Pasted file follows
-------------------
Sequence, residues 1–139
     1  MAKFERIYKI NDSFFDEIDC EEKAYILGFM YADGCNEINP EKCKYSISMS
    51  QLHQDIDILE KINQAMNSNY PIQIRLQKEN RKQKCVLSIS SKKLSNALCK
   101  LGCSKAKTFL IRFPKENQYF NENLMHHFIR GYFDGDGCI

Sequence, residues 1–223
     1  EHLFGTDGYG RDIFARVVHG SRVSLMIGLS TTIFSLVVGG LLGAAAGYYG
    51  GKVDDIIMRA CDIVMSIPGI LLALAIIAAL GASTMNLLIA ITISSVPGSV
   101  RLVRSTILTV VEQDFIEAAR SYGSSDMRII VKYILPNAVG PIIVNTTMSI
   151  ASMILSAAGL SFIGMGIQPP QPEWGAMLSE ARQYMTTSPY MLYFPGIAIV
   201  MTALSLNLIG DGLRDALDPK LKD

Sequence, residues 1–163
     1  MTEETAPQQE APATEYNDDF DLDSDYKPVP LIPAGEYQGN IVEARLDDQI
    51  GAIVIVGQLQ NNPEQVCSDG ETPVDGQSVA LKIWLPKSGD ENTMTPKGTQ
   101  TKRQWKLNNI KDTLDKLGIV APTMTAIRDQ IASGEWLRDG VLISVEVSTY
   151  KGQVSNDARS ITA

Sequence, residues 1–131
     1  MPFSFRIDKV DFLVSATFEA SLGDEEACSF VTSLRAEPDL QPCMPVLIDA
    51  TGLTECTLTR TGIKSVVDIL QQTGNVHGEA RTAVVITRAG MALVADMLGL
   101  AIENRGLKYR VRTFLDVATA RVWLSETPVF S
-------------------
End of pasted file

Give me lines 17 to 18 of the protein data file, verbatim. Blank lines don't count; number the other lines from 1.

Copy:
     1  MPFSFRIDKV DFLVSATFEA SLGDEEACSF VTSLRAEPDL QPCMPVLIDA
    51  TGLTECTLTR TGIKSVVDIL QQTGNVHGEA RTAVVITRAG MALVADMLGL